oil and install with rubber surface outward. Install
retaining ring (63), making certain that the ring is
properly seated.
(5) Be sure that force is always applied
through metal base band and that there is no
interference with the rubber. Never hammer tire. Use
ring rather than block for supporting wheel and applying
force to tire.
NOTE
In some cases removal of old tire may be
difficult due to peened-over condition of base
band or felloe. In such cases, remove old tire
by burning or cutting through base band. In
mounting tires on wheels without old tires, use
care to insure that felloes are smooth and free
of burrs. Also carefully check alignment to
assure that new tire starts on squarely and is not
cocked on wheel.
(6) Reinstall wheel on truck.
6-144.
(3) Lubricate packing (62) with automotive
grease, and install on adjuster plug. Assemble large
thrust bearing face (66), thrust bearing (70), small thrust
bearing race (68), and thrust bearing spacer (69) on
adjuster plug. Press new bearing retainer (70) into
needle bearing bore, using thrust bearing retainer
installer.
STEERING GEAR REPAIR.
6-148. ADJUSTER PLUG INSTALLATION. Proceed
as follows:
(1) Place tool to protect seal over end of stub
shaft (88, figure 7-33).
6-145. GENERAL.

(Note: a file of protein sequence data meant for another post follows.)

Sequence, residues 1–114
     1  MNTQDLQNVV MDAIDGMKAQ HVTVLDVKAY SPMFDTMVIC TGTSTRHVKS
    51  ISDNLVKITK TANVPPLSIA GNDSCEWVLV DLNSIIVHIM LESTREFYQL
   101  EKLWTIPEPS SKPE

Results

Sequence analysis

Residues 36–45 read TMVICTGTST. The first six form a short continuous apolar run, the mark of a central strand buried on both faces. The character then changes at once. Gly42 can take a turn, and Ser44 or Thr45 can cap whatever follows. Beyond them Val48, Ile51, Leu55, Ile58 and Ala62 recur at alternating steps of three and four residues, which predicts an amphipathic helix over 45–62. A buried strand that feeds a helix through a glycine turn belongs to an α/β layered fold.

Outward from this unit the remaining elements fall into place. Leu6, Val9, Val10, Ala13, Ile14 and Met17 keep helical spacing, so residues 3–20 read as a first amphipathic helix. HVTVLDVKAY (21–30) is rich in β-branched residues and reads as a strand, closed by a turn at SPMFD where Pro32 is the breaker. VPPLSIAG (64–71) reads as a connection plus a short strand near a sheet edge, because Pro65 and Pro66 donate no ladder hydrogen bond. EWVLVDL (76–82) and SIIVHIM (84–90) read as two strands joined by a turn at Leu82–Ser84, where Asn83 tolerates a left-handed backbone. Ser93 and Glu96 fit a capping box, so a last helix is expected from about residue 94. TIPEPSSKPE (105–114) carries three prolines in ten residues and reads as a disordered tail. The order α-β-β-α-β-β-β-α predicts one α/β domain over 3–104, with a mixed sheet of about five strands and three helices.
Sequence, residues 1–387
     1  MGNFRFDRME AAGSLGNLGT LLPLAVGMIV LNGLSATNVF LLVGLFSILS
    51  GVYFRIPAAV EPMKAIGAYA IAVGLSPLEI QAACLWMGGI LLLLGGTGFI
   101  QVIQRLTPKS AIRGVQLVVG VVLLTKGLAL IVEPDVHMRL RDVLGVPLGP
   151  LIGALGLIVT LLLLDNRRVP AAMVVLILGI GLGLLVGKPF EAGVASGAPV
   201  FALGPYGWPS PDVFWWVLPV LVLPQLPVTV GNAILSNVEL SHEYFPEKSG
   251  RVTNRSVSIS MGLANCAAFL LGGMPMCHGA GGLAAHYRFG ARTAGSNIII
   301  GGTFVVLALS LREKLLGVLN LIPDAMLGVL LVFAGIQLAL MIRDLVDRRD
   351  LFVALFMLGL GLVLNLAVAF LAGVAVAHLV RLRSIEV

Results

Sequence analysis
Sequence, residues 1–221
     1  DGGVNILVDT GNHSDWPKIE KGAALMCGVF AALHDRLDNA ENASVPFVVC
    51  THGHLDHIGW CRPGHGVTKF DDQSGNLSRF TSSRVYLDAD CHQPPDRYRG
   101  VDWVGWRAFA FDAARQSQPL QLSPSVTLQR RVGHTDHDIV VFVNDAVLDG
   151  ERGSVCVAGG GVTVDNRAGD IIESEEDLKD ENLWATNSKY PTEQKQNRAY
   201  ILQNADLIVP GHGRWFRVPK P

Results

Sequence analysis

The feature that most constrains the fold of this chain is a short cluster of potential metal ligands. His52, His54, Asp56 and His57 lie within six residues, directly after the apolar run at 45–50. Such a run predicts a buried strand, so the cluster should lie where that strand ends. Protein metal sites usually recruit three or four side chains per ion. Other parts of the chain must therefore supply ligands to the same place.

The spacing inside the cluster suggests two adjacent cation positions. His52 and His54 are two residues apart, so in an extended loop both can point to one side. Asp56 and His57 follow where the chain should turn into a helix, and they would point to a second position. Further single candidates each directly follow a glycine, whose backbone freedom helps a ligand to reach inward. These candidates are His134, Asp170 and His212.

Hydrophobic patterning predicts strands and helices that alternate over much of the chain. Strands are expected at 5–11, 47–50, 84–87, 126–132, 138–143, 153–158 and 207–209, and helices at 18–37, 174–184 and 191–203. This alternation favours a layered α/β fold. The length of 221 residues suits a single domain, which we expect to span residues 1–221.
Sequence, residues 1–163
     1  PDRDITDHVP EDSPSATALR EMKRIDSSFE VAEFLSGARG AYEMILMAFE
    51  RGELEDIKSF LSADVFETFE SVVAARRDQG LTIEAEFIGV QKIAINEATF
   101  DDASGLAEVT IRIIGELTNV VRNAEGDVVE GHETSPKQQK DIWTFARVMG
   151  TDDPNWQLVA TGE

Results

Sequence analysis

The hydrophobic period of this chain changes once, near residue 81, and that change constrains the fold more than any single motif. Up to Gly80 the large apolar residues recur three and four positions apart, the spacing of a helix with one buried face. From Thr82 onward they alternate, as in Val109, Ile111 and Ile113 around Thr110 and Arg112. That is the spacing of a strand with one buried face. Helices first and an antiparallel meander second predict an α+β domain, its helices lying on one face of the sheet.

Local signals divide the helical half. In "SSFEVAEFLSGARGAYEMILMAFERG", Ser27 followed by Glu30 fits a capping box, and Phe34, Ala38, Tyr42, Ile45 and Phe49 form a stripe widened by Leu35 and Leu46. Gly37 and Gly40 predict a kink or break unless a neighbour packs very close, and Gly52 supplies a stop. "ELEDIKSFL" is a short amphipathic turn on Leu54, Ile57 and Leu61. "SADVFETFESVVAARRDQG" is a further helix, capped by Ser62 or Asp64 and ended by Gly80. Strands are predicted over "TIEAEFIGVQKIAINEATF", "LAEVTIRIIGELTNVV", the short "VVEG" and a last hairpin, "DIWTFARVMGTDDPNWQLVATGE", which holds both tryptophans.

Complete disassembly of the
steering gear at one time is not an overhaul operation.
The instructions in following paragraphs present
complete information necessary to correct any
malfunction of the gear. Before beginning repairs,
diagnose the probable cause of the malfunction by
referring to the troubleshooting chart for the steering
gear (figure 6-8) at the end of the steering gear
instructions. Limit disassembly to necessary operations.
(2) Install adjuster plug assembly in gear
housing. Adjust thrust bearing preload according to
paragraph 6 below, and tighten locknut to 50 to 110 foot
pounds.
6-149. STEERING GEAR VALVE REMOVAL. The
complete valve in each steering gear is a precision unit
with selective fitted parts and is hydraulically balanced
at assembly. Only those parts which are service items
are replaceable and interchangeable. No other valve
parts are individually interchangeable. If replacement of